How Duke Energy keeps trees off power lines How Duke Energy keeps trees off power lines

How Duke Energy keeps trees off power lines

Jericho Belcher shows us what it's like to be a vegetation management specialist


It can be hard to tell the difference between a healthy tree and one that’s not doing so well, but Jericho Belcher knows what to look for. He’s a certified arborist, North Carolina registered forester and a vegetation management specialist for Duke Energy.


Trees and other plants are a leading cause of power outages, so his job is to find the trees that could cause trouble.

Sometimes the trees must be removed while others are pruned to comply with federal regulations for power transmission. It can be a contentious topic because people love trees – they provide environmental benefits and natural beauty – but Belcher’s mission is to leave as many trees as possible and address customers’ concerns while meeting his obligation to provide safe and reliable electricity.

Belcher manages several crews in North Carolina, and he took over Duke Energy’s Instagram account (@Duke_Energy) for a behind-the-scenes look at a day in their life as they maintain vegetation near high-voltage power lines.


In addition to a forestry degree from North Carolina State University and more than a decade of experience in the field, Belcher is a platoon sergeant with one of the North Carolina National Guard’s heavy equipment transportation companies. This experience is useful at Duke Energy because the job takes his crews from climbing trees in suburban neighborhoods to off-roading in remote power line rights-of-way.


When they’re not using heavy equipment, they’re walking – crews inspect easy-to-access areas like substations by foot to make sure limbs and shrubs aren’t reaching into the fenced area. Keeping vegetation away from these barriers helps prevent animals from using limbs as a bridge onto the equipment.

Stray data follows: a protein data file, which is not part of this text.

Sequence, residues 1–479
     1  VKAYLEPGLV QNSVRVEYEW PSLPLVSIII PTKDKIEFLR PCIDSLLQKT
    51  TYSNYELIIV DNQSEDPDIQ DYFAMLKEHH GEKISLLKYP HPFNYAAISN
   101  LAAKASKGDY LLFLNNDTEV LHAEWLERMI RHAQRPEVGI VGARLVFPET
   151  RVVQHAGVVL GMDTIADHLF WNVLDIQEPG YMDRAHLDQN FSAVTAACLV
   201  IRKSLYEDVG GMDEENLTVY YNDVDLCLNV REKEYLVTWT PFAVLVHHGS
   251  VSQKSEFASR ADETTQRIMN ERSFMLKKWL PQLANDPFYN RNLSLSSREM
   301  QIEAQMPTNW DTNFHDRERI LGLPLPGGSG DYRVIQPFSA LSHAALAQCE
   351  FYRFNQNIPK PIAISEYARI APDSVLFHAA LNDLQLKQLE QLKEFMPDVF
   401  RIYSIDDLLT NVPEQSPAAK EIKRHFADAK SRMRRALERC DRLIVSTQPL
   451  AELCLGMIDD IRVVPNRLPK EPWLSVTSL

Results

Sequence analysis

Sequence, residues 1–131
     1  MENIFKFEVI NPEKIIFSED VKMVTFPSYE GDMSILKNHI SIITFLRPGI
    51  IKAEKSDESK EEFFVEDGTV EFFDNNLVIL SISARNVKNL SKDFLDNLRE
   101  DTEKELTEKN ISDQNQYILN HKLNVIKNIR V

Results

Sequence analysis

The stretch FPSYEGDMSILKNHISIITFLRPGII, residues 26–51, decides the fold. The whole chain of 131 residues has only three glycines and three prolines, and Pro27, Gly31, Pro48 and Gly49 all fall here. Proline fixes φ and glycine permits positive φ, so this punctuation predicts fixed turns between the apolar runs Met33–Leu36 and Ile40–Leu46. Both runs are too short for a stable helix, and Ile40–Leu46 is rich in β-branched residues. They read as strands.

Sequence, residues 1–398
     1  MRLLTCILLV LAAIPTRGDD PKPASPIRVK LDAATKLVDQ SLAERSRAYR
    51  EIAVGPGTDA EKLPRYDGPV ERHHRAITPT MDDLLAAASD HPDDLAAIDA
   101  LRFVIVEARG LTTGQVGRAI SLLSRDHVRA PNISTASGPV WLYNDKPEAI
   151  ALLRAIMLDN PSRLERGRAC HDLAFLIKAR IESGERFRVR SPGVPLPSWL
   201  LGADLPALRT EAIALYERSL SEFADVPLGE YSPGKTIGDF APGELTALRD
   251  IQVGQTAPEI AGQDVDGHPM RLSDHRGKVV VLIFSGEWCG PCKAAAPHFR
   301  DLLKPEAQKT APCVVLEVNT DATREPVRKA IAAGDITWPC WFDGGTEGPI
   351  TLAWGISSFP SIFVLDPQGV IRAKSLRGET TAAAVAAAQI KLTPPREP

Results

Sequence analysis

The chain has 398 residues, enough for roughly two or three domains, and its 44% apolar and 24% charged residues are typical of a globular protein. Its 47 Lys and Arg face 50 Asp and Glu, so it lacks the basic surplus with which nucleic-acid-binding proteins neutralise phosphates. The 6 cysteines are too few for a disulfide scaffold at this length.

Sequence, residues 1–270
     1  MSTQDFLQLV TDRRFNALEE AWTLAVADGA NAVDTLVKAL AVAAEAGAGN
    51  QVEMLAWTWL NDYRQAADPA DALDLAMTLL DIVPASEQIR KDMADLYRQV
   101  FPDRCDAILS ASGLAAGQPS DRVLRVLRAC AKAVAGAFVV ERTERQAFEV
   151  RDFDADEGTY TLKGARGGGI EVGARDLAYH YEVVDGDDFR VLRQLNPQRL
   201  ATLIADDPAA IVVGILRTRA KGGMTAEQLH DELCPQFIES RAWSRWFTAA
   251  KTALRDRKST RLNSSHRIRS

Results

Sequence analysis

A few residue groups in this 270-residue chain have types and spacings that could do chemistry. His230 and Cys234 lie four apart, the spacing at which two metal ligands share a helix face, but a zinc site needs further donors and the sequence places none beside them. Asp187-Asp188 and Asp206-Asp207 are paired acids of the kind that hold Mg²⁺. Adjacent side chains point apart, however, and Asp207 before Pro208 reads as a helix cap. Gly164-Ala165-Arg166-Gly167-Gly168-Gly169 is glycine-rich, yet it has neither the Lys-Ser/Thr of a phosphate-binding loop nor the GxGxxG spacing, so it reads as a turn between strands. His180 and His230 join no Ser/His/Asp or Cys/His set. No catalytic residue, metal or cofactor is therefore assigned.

Belcher’s teams focus on transmission lines, which are the highest voltage lines on the grid. Much of the transmission system isn’t noticeable from homes and roads, but sometimes it is. When lines are close to homes, like this one, crews talk to customers about the work being done so they understand why trees are trimmed or removed.

Sometimes, homeowners are unhappy with the way trees look after trimming, but Duke Energy crews trim trees in a way that promotes tree health and influences the tree to grow back with fewer limbs and away from power lines. If they trimmed based on aesthetics alone, the tree could grow back weaker and susceptible to disease.  

“It may not look fantastic right now, but the tree will continue to grow for years to come,” Belcher said, “and it will look good again in a year or two.”


On large tracts of remote power lines, giant pieces of equipment help the crew work safely and efficiently. Federal regulations require Duke Energy to keep trees a certain distance from transmission lines so they won’t fall on the line or get close enough to cause an outage.

One vehicle has a 75-foot telescopic boom with a saw attached to work on hard-to-reach trees. These tracked vehicles have less ground pressure than vehicles with tires, so they do less damage to the environment, too.

Preventative maintenance like this can help reduce damage during severe weather. Crews are scheduled to visit each section of the grid at set intervals. If there are trees that need trimming before they’re set to return, Belcher’s team will make a special trip. 


So that’s a day with forester Jericho Belcher, whose job is to keep trees healthy and away from power lines.

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